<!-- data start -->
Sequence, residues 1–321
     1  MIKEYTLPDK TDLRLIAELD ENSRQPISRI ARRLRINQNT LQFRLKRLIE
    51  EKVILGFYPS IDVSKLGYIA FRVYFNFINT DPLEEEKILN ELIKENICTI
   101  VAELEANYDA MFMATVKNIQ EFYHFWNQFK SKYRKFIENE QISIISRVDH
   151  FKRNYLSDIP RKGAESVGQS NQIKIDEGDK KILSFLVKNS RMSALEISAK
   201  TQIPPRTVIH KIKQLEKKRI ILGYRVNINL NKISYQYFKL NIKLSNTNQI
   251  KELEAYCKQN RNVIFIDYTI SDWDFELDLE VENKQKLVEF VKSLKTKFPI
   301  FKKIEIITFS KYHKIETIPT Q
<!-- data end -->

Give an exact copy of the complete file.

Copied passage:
Sequence, residues 1–321
     1  MIKEYTLPDK TDLRLIAELD ENSRQPISRI ARRLRINQNT LQFRLKRLIE
    51  EKVILGFYPS IDVSKLGYIA FRVYFNFINT DPLEEEKILN ELIKENICTI
   101  VAELEANYDA MFMATVKNIQ EFYHFWNQFK SKYRKFIENE QISIISRVDH
   151  FKRNYLSDIP RKGAESVGQS NQIKIDEGDK KILSFLVKNS RMSALEISAK
   201  TQIPPRTVIH KIKQLEKKRI ILGYRVNINL NKISYQYFKL NIKLSNTNQI
   251  KELEAYCKQN RNVIFIDYTI SDWDFELDLE VENKQKLVEF VKSLKTKFPI
   301  FKKIEIITFS KYHKIETIPT Q